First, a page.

"I like the idea of traffic cameras for speeding and red lights. I believe they do help to sa[v]e lives."
"I am in total agreement of getting rid of photo enforced speed cameras in Iowa. It is an invasion of privacy. Thank you for using common sense on this issue."
"I welcome fewer restrictions on the installation of speed and red-light cameras. It's the easiest way to keep drivers honest and legal. And that's good for everyone."
"I am totally against traffic cameras and think they should be outlawed."
"Anything to get people to obey traffic laws is a good thing, even if it is unpopular. Calling the cameras distracting to drivers just to get rid of them is a cheap shot. KEEP THE CAMERAS."
"I see ABSOLUTELY NO value in traffic cameras placed on the highway."

         Some commenters offered more specific suggestions. One commenter urged that

[s]peed cameras should not be placed where there is a sudden reduction in the speed limit. It is dangerous to have a speed sign reducing speed a short distance from the camera. The locals know to reduce their speed and start slamming on [their brakes], which is not safe for traffic.

         Along the same lines, another commenter recommended "that the Department additionally restrict ATEs' placement in locations where a higher speed zone is transitioning to a lower speed zone." Yet another commenter proposed that ATE systems "[n]ot be placed within 1, 000 feet of either side of a posted speed limit sign."

         On October 30, the IDOT held a public hearing to afford interested persons an opportunity to speak out on the proposed rules. At the hearing, representatives of the Cities, in addition to other officials and members of the public, made oral presentations. A total of thirteen persons spoke.

         Again, the subject of limiting the use of speed cameras within a certain distance of new speed limits came up. For example, one speaker expressed concerns about municipalities installing ATE systems "in areas where the speed is going from a faster speed zone to a slower speed zone . . . because those are areas where more people are likely to slam on their brakes, and it would be . . . more dangerous."

         The IDOT held a subsequent meeting on December 10 to present the final rules and detail the feedback it had received throughout the process. At this time, the IDOT unveiled modifications to the rules. These included a "1000-foot rule"-i.e., that ATE equipment could not be stationed within 1000 feet of a speed limit change. The IDOT explained that this modification was in response to prior comments.

         In most other respects, the final rules mirrored the initial rules the IDOT had proposed in October. Thus, all ATE locations on the primary road system had to be approved by the IDOT. Iowa Admin. Code r. 761- 144.4(3). The final rules contained a requirement that any "local jurisdiction requesting to use an automated traffic enforcement system on the primary road shall provide the department a justification report." Id. r. 761-144.5(1). Such report needed to include documentation as to "why the area is a high-crash or high-risk location." Id. r. 761-144.5(1)(a). According to the rules, ATE systems "should only be considered in extremely limited situations on interstate roads because they are the safest class of any roadway in the state and they typically carry a significant amount of non-familiar motorists." Id. r. 761-144.4(1)(c). After the ATE equipment was installed, the rules required "each local jurisdiction with active automated enforcement on Iowa's primary highway system [to] evaluate the effectiveness of its use" on an ongoing basis. Id. r. 761- 144.7(1). The annual evaluation must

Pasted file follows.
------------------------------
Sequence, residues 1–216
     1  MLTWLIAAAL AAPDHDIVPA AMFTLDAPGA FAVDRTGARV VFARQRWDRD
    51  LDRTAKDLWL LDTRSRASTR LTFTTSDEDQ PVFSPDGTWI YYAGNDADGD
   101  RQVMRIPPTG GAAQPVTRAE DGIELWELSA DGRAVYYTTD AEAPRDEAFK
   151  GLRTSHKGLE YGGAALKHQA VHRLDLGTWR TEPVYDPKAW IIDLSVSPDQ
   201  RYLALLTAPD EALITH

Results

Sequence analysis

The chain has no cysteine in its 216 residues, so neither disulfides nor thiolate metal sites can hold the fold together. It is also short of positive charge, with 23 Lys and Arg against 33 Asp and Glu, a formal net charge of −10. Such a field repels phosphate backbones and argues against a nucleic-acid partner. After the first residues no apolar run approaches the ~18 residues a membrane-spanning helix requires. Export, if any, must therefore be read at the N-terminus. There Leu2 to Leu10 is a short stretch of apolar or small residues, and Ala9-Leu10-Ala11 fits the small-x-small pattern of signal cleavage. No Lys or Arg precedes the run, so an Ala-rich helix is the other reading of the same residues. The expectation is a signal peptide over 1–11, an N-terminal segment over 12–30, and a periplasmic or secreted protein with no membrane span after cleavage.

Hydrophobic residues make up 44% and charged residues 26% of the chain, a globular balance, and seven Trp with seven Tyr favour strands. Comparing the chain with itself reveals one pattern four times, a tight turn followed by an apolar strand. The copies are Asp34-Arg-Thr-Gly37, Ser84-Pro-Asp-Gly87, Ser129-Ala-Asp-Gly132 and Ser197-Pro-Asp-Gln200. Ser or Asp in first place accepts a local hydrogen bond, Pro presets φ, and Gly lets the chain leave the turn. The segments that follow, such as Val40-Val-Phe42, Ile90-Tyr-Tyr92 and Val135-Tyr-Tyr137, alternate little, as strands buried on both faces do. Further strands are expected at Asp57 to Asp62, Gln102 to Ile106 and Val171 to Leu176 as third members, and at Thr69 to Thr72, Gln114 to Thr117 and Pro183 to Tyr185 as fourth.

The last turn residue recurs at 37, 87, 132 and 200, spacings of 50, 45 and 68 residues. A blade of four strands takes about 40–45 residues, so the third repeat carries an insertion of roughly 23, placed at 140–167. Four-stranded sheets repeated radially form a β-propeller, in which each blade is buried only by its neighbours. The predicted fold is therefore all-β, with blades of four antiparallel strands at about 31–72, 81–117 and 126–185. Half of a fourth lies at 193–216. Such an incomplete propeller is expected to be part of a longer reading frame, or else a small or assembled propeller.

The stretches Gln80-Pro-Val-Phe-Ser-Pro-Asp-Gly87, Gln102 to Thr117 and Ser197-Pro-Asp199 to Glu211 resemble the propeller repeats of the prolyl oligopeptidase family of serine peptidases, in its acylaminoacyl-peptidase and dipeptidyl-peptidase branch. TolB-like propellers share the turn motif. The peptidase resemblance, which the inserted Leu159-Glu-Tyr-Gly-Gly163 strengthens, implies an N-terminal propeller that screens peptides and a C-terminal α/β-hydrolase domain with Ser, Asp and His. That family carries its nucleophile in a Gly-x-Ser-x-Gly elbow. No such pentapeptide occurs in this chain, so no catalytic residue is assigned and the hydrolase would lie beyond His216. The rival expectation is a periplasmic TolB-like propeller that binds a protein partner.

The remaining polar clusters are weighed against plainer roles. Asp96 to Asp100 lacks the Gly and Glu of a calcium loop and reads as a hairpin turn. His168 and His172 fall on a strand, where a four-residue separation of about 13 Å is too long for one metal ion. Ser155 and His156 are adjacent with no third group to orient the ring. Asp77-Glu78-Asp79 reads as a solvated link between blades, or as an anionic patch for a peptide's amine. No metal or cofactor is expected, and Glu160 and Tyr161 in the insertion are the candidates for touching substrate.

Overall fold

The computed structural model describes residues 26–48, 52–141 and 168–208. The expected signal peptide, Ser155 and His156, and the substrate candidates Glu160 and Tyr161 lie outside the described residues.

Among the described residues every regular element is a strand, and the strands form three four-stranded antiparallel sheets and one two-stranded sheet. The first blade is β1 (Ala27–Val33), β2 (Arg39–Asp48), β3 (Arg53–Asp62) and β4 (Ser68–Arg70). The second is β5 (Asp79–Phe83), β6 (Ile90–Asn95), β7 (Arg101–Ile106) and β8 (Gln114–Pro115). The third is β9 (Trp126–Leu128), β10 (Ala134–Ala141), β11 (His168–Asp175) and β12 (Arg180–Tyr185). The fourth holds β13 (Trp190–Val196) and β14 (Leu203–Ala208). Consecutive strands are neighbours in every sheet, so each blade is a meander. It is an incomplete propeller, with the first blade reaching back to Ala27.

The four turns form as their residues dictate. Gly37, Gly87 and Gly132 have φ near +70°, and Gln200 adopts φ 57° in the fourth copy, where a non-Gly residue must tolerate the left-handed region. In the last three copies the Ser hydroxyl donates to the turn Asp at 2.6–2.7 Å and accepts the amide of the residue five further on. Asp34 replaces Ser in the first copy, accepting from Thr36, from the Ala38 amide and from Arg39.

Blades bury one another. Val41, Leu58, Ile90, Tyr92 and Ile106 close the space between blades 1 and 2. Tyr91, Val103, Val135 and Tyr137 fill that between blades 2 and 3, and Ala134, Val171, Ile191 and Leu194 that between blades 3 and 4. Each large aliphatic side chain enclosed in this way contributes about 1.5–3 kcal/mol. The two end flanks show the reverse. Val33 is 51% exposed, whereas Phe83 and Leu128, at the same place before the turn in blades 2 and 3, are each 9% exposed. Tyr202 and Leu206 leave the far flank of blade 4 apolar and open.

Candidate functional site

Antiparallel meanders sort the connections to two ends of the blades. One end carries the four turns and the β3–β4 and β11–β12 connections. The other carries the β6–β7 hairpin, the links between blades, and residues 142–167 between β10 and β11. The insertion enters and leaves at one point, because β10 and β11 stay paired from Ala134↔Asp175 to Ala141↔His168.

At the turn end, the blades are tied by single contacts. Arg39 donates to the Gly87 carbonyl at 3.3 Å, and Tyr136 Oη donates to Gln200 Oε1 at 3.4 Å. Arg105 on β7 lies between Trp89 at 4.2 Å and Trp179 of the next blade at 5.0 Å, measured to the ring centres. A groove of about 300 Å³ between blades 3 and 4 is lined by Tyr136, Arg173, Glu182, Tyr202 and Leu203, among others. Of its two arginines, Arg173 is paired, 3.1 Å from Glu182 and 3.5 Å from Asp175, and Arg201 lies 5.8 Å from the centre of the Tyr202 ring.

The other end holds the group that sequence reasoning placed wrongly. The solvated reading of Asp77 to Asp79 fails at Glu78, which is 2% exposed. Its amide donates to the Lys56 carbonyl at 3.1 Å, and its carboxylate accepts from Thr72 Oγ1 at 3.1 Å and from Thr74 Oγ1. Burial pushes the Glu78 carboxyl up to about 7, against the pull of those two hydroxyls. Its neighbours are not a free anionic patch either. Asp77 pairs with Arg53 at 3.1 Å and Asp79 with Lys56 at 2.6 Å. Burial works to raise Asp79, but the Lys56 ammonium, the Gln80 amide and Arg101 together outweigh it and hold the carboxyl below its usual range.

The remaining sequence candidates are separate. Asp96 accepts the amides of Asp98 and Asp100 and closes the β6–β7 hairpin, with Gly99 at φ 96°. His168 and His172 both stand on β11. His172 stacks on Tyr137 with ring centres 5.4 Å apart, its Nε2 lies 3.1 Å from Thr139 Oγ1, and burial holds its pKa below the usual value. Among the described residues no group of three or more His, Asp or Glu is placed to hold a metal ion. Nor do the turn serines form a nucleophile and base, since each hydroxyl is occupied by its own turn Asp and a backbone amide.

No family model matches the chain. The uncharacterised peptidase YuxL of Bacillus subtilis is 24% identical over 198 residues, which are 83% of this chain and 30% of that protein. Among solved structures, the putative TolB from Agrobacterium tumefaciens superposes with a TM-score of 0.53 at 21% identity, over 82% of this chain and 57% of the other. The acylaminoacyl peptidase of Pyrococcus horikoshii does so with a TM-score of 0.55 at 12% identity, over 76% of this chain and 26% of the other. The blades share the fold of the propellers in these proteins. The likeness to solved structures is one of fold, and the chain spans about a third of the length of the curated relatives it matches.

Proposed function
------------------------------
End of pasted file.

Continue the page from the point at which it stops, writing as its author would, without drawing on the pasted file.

(1) Address the impact of automated enforcement technology on reducing speeds or the number of red-light running violations for those sites being monitored.
(2) Identify the number and type of collisions at the sites being monitored, listing comparison data for before-and-after years. If the system includes intersection enforcement, only the monitored approaches should be included in the evaluation.
(3) Evaluate and document the automated traffic enforcement system's impact on addressing the critical traffic safety issue(s) listed in the justification report if a justification report was part of the system's initial approval process.
(4) Provide the total number of citations issued for each calendar year the system has been in operation.
(5) Certify that the calibration requirements of subrule 144.6(4) have been met.

Id. r. 761-144.7(1)(a).

         The IDOT would determine whether use of the ATE system would continue. Id. r. 761-144.8. "Continued use [would] be contingent on the effectiveness of the system, appropriate administration of it by the local jurisdiction, the continued compliance with these rules, changes in traffic patterns, infrastructure improvements, and implementation of other identified safety countermeasures." Id. r. 761-144.8(1). Additionally, the department explicitly "reserve[d] the right to require removal or modification of a system in a particular location, as deemed appropriate." Id. r. 761-144.8(2). The rules became effective February 12, 2014.

         C. The IDOT's Subsequent Directives to Remove Certain ATE Systems.

         Once the ATE rules became effective, each city submitted an evaluation to the IDOT in an effort to justify the continued presence of the cameras. Cedar Rapids provided crash data showing that crashes at 1st Avenue and 10th Street had remained roughly constant since the installation of the ATE systems. However, on I-380 there had been declines both in overall crashes and, especially, personal injury crashes. Whereas one fatal crash had occurred in 2008 and two in 2009, no fatal crashes had occurred in the relevant area of I-380 since the ATE cameras were installed.

         Muscatine reported that totaling the five intersections where ATE equipment had been installed, crashes had declined significantly overall. In 2010, there had been thirty-four motor vehicle crashes including nine injury crashes; by contrast, during the year 2013, there had been nineteen crashes, of which four were injury crashes.

         Des Moines's report also argued that its ATE systems had had a positive safety impact. Regarding the I-235 location, the report concluded that "the total number of accidents on I-235 in this area (4700 block to 4200 block) have ...